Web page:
The consumer electronics business has become much more of a well oiled machine today with low-cost, low-margin, feature-laden HDTVs driving the market. Costco, Wal-Mart and Best Buy are selling paper-thin, large format HDTVs by the hundreds a day. Vizio came out of nowhere to become a multi-billion dollar company in five short years. The adult industry hasn't advanced past massively profitable DVD-Video sales just like the music business never embraced anything other than Compact Disc sales. Consumers are rejecting the value proposition because of new technology in the adult business just like they did with music and Napster. A $10 per month Netflix account gets you a host of movies into your home plus streaming, but one short porn DVD sells at Larry Flint's Hustler retail store on Sunset Boulevard for $40 per title. HD video hasn't been kind to the adult industry. I've seen the girls on flights to Vegas and at the AVN Show, which is on the way from the specialty audio displays at The Venetian to The Wynn Hotel across the street. I hate to ruin anyone's fantasy here but - to be polite - these girls look a little rough in person. DVD-Video's 480i resolution or your computer's less-than-DVD resolution suits the content best whereas beaming 1080p is better for today's movies. Either way, porn isn't worth $40 per disc anymore. Additionally, people are shooting amateur porn on sub-$1,000 D-SLR cameras and uploading them to sites for a "thrill." Who knows if they will be the next Paris Hilton, but it's obvious that amateur porn is eating away at the adult industry's overall sales and ultimately its profit margins.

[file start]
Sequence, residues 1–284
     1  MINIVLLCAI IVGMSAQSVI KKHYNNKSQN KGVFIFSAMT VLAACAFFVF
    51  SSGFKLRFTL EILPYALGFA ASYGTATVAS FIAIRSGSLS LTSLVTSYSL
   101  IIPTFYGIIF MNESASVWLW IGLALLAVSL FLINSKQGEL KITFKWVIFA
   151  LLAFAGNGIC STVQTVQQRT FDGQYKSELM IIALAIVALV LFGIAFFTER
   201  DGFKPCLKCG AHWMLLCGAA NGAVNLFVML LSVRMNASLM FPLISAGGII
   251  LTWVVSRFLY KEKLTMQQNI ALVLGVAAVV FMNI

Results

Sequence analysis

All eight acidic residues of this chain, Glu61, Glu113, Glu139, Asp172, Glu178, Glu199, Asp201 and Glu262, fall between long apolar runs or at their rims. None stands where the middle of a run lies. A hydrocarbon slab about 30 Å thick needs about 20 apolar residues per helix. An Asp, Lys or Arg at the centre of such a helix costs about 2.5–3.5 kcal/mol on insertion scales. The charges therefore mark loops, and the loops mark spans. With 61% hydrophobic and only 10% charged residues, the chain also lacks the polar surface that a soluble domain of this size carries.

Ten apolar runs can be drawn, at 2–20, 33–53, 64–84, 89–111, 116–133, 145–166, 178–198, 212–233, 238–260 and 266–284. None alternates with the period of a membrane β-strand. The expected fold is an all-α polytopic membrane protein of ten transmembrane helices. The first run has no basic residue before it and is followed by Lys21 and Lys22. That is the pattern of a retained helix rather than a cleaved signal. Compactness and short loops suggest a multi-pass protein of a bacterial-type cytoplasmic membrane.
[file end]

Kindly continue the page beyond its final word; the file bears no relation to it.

To date, the adult industry has lost a lot of its luster. It's a seedy business, albeit reportedly still a $14,000,000,000 industry. Stories about HIV-infected performers rain on the fantasy world about once per year. The adult industry has failed to adapt its pricing in many meaningful ways to keep up with the way that the consumer electronics business is going. Creative sites like SugarDVD.com are working to become the Netflix of porn with $10 per month rental services, downloads of well known titles and DVD-Video sales from $3 to $19 depending on the title. It's not the margins that the adult industry is used to but you can't force the consumer's hand. We learned that lesson with Napster in the music business and they never recovered.
Going forward, content featuring naked people doing adult things will still compel consumers to drive towards the illusive goal of AV convergence. Adult content can help shape the booming CE application market found on today's HDTVs, Blu-ray players and video game consoles. But where the adult industry has lost most of its power is that it no longer moves the needle as a business that can singlehandedly make or break an AV format. Like an aging starlet - its day has come and gone.